Barbara Lau

Barbara Lau is executive director of the Pauli Murray Center for History and Social Justice where she connects her commitment to justice with her belief in the power of community practice. She is also the director of the Pauli Murray Project at the Duke Human Rights Center/Franklin Humanities Institute. The Pauli Murray Family Home was named a National Historic Landmark in December 2016 and will be open to visitors in 2022.

Lau’s 35 years of experience as a folklorist, curator, professor, oral historian, media producer and author includes curating exhibitions, performances and public art projects. She has produced To Buy the Sun, an original play about Pauli Murray; co-directed the Face Up: Telling Stories of Community Life community mural project; and curated Pauli Murray: Imp, Crusader, Dude, Priest. She earned a BA in Sociology/Urban Studies from Washington University in St. Louis and an MA in folklore at the University of North Carolina.

Cheryl Harned

Cheryl Harned is a doctoral candidate in History at the University of Massachusetts Amherst. A public historian, she works at the intersections of material culture, personal identities and the public lives of collected objects. Harned collaborates with students and community partners to develop, implement and evaluate exhibitions and programs that promote creativity, connection and self-reflection.

Among her accomplishments, she has served as Andrew W. Mellon Foundation/Five Colleges, Inc. Graduate Fellow, assistant curator of the Joseph Allen Skinner Museum at Mount Holyoke College, exhibition activities developer at Historic Northampton, and consultant for a variety of museums and historical societies. In 2017, she served as technology director and program assistant for the NEH Landmarks of American History and Culture Workshops for School Teachers: Women Making Change. Harned’s scholarly research explores the roles of trauma, wonder and identity through individuals’ collections and their efforts to make those collections visible in public life.

Erica Ciallela

Joanne L. Goodwin

Joanne L. Goodwin is Professor Emerita of History and Director Emerita of the Women’s Research Institute of Nevada at UNLV. Her first book and several articles focused on the intersection of gender and welfare policy. Since she arrived in Las Vegas in 1991, she has developed numerous resources on the history of women in the region, including the Nevada Women’s Archive (Lied Library at UNLV), the Las Vegas Women Oral History Project, and the historical research conducted while director of the Women’s Research Institute of Nevada (website Her most recent scholarship is the book, Changing the Game: Women at Work in Las Vegas 1940-1990, which draws on the oral history project.

Two public history projects expand a new audience for her research as illustrated by a 2014 project. She co-produced “MAKERS: Women in Nevada History,” a collaboration with Vegas PBS, which aired Oct 2014. The original interviews have been edited and provide additional content to the website above.  From 2017-2020, she collaborated to add Nevada suffrage sites to the National Votes for Women Trail (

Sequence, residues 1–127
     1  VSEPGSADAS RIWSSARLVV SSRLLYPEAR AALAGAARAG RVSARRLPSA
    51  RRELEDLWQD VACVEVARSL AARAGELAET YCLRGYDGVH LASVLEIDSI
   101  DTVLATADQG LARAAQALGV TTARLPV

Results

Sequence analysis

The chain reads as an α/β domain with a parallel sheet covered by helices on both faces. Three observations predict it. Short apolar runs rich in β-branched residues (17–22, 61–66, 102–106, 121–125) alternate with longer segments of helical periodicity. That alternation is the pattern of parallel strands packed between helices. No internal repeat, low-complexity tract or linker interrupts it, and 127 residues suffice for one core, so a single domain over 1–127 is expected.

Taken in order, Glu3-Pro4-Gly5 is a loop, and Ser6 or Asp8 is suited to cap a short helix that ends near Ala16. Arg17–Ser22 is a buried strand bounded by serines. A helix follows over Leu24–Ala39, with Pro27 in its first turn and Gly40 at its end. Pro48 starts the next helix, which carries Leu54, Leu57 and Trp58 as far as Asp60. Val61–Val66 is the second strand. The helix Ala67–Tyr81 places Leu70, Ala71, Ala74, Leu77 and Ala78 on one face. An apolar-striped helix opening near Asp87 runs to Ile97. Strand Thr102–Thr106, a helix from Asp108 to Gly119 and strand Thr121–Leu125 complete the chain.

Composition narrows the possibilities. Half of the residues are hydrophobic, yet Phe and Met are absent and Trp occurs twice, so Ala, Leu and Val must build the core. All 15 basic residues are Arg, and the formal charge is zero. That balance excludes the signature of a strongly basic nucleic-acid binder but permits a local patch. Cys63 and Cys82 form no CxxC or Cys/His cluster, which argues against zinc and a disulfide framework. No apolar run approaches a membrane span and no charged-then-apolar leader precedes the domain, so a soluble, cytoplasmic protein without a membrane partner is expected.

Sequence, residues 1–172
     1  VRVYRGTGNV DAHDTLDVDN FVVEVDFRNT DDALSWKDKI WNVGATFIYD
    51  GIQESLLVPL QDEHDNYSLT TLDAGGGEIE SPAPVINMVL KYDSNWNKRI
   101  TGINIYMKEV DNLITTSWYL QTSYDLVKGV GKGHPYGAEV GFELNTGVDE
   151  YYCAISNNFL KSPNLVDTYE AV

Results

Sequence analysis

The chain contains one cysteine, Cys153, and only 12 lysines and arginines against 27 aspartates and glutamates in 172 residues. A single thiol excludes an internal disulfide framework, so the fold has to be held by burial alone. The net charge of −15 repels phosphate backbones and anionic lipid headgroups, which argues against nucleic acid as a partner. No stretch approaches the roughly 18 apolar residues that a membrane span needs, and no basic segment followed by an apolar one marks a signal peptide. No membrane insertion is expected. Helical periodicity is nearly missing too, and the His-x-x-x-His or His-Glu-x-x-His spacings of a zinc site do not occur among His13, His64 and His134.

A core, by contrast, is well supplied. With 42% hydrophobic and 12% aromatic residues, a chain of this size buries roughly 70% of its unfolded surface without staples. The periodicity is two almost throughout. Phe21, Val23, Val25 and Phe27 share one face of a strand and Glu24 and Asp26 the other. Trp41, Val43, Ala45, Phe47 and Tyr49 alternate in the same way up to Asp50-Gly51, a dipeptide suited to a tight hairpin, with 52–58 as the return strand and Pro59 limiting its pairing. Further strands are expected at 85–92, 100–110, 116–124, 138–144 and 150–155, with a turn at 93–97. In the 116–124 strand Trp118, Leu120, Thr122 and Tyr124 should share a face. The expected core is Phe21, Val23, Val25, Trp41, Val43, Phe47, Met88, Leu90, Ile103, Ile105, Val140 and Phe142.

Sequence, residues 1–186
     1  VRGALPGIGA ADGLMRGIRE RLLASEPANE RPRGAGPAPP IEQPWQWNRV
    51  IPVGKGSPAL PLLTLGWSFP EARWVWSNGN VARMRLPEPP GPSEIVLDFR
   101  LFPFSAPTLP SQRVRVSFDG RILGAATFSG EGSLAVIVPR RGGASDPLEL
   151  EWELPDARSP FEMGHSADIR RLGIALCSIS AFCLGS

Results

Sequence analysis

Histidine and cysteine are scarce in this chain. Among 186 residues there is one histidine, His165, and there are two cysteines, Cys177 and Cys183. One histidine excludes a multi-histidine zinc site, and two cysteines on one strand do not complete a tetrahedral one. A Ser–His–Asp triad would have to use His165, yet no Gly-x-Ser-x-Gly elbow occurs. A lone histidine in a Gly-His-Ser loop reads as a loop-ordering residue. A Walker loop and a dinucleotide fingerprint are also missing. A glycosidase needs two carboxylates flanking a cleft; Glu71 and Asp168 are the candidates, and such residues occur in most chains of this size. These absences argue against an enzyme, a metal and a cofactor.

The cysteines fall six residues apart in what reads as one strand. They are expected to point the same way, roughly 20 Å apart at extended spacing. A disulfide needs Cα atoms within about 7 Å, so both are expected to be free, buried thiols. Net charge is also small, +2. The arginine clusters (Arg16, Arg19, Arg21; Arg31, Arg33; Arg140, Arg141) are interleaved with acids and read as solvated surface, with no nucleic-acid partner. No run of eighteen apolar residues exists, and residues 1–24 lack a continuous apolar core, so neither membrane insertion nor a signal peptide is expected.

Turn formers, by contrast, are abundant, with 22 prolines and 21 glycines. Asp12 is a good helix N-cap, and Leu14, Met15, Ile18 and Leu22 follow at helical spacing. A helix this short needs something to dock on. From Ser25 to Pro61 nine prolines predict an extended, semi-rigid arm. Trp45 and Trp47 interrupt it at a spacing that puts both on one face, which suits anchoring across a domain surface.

Joanie DiMartino

Joanie DiMartino is the Museum Curator and Site Superintendent of the Prudence Crandall Museum, a National Historic Landmark in Canterbury, Connecticut.  She earned an MA in Public History from Rutgers University, where her scholarly focus was the Progressive-Era militant suffrage movement.  She has been in the museum field for over 25 years, working at many different sites, from large institutions such as the Kentucky Historical Society and Mystic Seaport Museum, to small historic houses.  DiMartino serves on the Executive Committee of the Connecticut League of History Organizations (CLHO) Board, the Connecticut History Day Advisory Council, and is the Connecticut representative for the Votes for Women Trail through the National Collaborative of Women’s History Sites, which she represented on the Connecticut Women’s Suffrage Centennial Commission.  She lives in Mystic, Connecticut with her family, and serves her community as a Justice of the Peace.

Jolene Rickard

Jolene Rickard is an Associate Professor at Cornell University in the departments of History of Art and Art, and the former Director of the American Indian and Indigenous Studies Program 2008-2020 (AIISP). She is a visual historian, artist and curator interested in the intersection of Indigenous art and post-neo-anticolonialism with an emphasis on Hodinöhsö:ni perspectives. A selection of publications includes: Diversifying Sovereignty and the Reception of Indigenous Art, Art Journal 76, no. 2 (2017), Aesthetics, Violence and Indigeneity, Public 27, no. 54 (Winter 2016), Arts of Dispossession, in From Tierra del Fuego to the Arctic: Landscape Painting in the Americas, Art Gallery of Ontario (2015), The Emergence of Global Indigenous Art, Sakahán, National Gallery of Canada (2013), and Visualizing Sovereignty in the Time of Biometric Sensors, The South Atlantic Quarterly: Sovereignty, Indigeneity, and the Law, 110:2 (2011). Exhibitions include the Minneapolis Institute of Arts national exhibition, Hearts of Our People: Native Women Artists, 2019-2021, Crystal Bridges Museum of Art, Art For a New Understanding: Native Voices, 1950’s to Now, 2018-2020. She co-curated two of the four inaugural exhibitions of the National Museum of the American Indian (2004-2014). Her most recent curatorial intervention, Deskaheh à Genève, 1923-2023 : Défendre la souveraineté des Haudenosaunee / Deskaheh in Geneva, 1923-2023 : Defending Haudenosaunee Sovereignity (Geneva, Switzerland, 2023). Jolene is on the editorial board of American Art, a founding board member for the Otsego Institute for Native American Art and an advisor to GRASAC – The Great Lakes Alliance for the Study of Aboriginal Arts and Culture. Jolene is from the Skarù·ręʔ / Tuscarora Nation, Hodinöhsö:ni Confederacy.

Lillian Serece Williams

Lillian Serece Williams, associate professor in the Department of Africana and American Studies at the University at Buffalo, SUNY, is an expert on U.S. social and urban history. Her research is in the areas of institutions, ethnicity, biography and women’s history, and much of her scholarship has led to the preservation of the records of women and African Americans.